Trelawny farmers want more for yam
It is not very often that one can find the light side to serious issues, but even with their livelihood under threat and no clear solution to their concerns, the yam farmers who frequent Queenie's Corner Bar in Albert Town, Trelawny, still believe that there is much to be happy about.
"We at the mercy of the buyer. Nutten nah gwaan," said Franklyn 'Hooky' Pingling, a yam farmer for more than four decades. "Is like everybody looking out for themselves because over the years we cannot form a group to represent our interest, while the rich man will always find a way fi work together.
"So any price they say, is that we have to sell for, but farming a my ting," Hooky continued. "I even leave go foreign and spend years and come back, and is mi yam farming again."
"When the price for yam drop, we still have to deal with the cost of fertiliser, yam sticks, machete, and fork."
South Trelawny produces roughly 70 per cent of the yellow and Negro yams exported annually, and is the largest agricultural producer behind the parish of St Elizabeth. However, farmers contend that they can barely survive based on what they are paid for their produce.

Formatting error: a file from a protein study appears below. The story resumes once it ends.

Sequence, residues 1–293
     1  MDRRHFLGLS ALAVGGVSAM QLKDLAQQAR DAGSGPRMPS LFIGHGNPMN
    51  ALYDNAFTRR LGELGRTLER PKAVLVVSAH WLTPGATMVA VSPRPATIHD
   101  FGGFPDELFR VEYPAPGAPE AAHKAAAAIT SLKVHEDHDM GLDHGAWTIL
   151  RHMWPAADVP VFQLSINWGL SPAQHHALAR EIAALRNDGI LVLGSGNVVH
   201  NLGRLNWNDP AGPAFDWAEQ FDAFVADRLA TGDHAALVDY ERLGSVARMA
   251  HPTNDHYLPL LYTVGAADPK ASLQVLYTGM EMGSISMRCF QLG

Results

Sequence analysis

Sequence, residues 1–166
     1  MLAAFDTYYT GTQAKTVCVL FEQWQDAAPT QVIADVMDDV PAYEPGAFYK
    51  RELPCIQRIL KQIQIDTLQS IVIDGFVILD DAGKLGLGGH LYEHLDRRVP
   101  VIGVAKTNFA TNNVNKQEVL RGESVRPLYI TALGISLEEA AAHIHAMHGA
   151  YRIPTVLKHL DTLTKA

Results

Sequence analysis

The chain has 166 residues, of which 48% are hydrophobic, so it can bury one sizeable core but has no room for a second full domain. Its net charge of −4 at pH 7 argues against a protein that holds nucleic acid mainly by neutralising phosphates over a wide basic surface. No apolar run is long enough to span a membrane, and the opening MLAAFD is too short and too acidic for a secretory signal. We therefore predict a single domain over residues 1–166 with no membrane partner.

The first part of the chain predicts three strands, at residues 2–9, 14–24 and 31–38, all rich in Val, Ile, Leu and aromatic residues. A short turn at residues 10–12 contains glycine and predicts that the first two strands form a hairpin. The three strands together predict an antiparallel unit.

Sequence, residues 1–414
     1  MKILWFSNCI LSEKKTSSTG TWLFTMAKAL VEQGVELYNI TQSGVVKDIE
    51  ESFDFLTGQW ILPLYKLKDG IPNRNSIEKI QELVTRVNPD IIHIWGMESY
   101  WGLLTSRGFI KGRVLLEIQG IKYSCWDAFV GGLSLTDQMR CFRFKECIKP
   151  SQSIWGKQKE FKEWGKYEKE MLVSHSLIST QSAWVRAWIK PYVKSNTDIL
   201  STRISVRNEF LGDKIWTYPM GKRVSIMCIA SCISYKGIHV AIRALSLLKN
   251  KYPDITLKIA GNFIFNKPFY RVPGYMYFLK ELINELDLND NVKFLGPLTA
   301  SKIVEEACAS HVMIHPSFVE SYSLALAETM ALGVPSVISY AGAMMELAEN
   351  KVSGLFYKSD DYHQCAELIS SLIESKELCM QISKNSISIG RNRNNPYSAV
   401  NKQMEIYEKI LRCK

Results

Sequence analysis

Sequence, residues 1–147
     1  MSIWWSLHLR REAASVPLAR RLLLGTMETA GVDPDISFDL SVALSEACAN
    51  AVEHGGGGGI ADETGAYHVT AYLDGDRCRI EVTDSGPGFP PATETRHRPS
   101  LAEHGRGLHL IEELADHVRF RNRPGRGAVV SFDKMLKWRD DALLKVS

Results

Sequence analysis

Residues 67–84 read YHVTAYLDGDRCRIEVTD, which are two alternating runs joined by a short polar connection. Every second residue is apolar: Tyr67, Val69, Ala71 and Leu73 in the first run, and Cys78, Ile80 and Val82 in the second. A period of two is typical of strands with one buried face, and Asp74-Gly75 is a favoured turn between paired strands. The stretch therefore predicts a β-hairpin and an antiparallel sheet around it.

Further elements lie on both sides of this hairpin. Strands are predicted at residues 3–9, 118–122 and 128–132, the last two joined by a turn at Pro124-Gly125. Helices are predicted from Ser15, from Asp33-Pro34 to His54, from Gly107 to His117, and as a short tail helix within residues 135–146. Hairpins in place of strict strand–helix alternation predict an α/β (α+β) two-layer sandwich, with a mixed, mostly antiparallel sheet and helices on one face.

According to Hooky, during the Christmas period, the one purchaser of their produce on a weekly basis paid $10,000 for 100 pounds, but this has plunged to $5,000 and even $4,500 since February.
While admitting to having the same problem, Alton Lee was more interested in THE Western Star's opinion on Prime Minister Andrew Holness' performance since he took office two years ago.
"If we complain, we sell the yam cheap, and if we shut up, we still selling it for whatever the buyer offer, so it better we talk little politics," said Lee, otherwise called Chin.
"Yam have to sell because you must take care a di house or shop lock," he said.
Hugh Dixon, CEO of the South Trelawny Environmental Agency, believes that the farmers must also invest in their own development. According to him, the export and the domestic markets are the outlets for the farmer's produce, but pointed out that production is affected by the very weather pattern.
"Yam is a machete-driven commodity and for farmers to be able to influence price, they must become part of the value-added," he said. "It cannot be that the machete and the fork is still the sole equipment of the yam farmer. It must become more technologically driven."
"Our cultivators have acted selfishly and have failed to come together as a cooperative, and that is why they have the same complaint for almost a decade," Dixon added.